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Thin depth of field isn't always a good thing

Discussion in 'Open Discussion' started by addieleman, Jan 12, 2014.

  1. addieleman

    addieleman Passionate amateur

    Nov 13, 2012
    Netherlands
    Ad Dieleman
    Found this thoughtful article on the "bokeh quest" that leads to a quest for silly fast lenses in the opinion of the author Karel van Wolferen. I think I agree with him. I was also astonished to see that at f/8 an old Minolta macro 50/3.5 could keep up with the famous Zeiss Otus 55/1.4. Maybe it's time we establish an f11 group, in analogy of the f64 group of Edward Weston and Ansel Adams and their peers? For landscapes at least I tend to go to smaller apertures again, sometimes a lot of blur just isn't right.

    Fortunately Sony seems to have chosen to come up with slower and smaller lenses for the FE line-up. The FE 35/2.8 is small and good and the upcoming 70-200/4 is heavy enough as it is; a lens like a Rokinon 35/1.4 wouldn't be in my bag only due to its weight and size. Ideally we will have a choice between various options in the image quality/speed/size/weight universe, but that will take years if at all.
     
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  2. HabsFan

    HabsFan TalkEmount Veteran

    258
    Apr 10, 2013
    Ontario, CAN
    Good read. For most people's use, a super fast lens can be a hindrance. It's very tempting to use f1.4 or f1.8 if you have it for low light photos but if you take a picture of 2 people, one of them will be out of focus. Personally I find that f2 or faster is usually only useful for static subjects. I have no chance of getting my kid in focus as he just moves too fast.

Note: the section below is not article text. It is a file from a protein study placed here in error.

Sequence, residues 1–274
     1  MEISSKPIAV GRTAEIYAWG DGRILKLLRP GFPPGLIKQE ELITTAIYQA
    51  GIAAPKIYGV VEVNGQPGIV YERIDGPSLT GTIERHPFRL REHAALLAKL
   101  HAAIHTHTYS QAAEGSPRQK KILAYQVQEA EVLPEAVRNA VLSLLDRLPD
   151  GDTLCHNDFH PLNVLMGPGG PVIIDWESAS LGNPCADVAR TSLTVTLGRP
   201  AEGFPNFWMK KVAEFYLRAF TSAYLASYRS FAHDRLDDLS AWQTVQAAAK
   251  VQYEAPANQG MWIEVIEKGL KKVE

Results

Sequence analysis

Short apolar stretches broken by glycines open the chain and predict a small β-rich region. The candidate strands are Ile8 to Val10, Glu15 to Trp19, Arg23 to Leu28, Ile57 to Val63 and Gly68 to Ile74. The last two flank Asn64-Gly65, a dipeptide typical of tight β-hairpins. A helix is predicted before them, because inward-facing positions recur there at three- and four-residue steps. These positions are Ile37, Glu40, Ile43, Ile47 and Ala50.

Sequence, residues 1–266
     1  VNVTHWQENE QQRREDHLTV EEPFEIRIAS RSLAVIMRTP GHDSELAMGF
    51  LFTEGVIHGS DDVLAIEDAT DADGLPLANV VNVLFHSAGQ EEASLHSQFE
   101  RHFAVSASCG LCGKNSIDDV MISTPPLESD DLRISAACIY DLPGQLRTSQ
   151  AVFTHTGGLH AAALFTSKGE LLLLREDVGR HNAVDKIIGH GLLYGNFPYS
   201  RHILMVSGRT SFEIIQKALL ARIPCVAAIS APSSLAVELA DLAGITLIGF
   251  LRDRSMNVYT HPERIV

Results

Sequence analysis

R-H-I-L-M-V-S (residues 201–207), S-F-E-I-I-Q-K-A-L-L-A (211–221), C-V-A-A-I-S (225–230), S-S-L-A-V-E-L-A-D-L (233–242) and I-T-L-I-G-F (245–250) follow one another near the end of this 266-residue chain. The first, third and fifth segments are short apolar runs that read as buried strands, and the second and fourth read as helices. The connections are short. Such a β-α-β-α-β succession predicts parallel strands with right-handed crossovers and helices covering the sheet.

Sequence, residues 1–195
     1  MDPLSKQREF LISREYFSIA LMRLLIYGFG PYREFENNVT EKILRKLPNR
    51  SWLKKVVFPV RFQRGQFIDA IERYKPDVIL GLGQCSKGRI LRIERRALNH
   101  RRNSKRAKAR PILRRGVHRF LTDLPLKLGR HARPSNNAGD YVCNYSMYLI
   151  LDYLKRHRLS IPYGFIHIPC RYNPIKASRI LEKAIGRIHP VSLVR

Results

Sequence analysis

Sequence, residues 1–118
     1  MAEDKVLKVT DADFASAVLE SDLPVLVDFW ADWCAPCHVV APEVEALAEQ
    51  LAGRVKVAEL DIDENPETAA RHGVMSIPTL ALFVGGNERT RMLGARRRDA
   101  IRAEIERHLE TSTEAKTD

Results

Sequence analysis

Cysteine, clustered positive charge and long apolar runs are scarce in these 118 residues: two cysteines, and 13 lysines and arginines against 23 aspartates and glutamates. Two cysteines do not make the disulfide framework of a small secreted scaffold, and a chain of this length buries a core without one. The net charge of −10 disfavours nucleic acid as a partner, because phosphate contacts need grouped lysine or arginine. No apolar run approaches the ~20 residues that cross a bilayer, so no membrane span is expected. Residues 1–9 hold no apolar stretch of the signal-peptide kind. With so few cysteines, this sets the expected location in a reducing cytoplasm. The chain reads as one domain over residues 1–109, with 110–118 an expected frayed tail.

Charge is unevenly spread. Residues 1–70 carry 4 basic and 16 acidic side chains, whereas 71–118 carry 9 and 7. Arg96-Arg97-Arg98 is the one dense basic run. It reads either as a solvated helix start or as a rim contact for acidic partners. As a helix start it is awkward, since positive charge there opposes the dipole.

I think blurred backgrounds is what many people equate to 'the professional' look and when starting out, that is one of the easiest things to do. I know when i first got the ability to change lenses, I gravitated to this.
     
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  3. davect01

    davect01 Super Moderator

    Aug 20, 2011
    Fountain Hills, AZ
    Dave
    I would agree. Most shots are just fine with 2.8.

    There are times when you really want the wider aperture, but those are more the artistic shots.
     
    • Like Like x 1
  4. mattia

    mattia TalkEmount Regular

    143
    Dec 13, 2013
    I like having the option - but I think my 55/1.8 is plenty fast and really appreciate the quality and sharpness of both that and the FE 35/2.8 even wide open. I have my C/Y 50/1.4 if I really need a touch more, and a CV 35/1.2 for more extreme stuff.

    Most of what I will shoot with the A7R will be landscape, so f9 to F11 is it. I also find the upcoming Zeiss FE 24-70 more attractive than an f2.8 would be because of its smaller size. I'll probably hold off on buying that, as I'm hoping they'll at least announce a wide prime (21/2.8 please?) soonish, as that's my personal gap in the lineup. Have adapted glass to tide me over though.
     
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  5. Bimjo

    Bimjo Super Moderator

    Oct 28, 2011
    Washington State
    Jim
    Thin depth of field isn't always a good thing

    Nor sometimes is a massive depth of field. The DOF should match the subject. A single wild flower isolated from the background (when the background is just a distraction) probably needs a thin DOF. A crowd shot where you're trying to show where the crowd is screams for a huge DOF.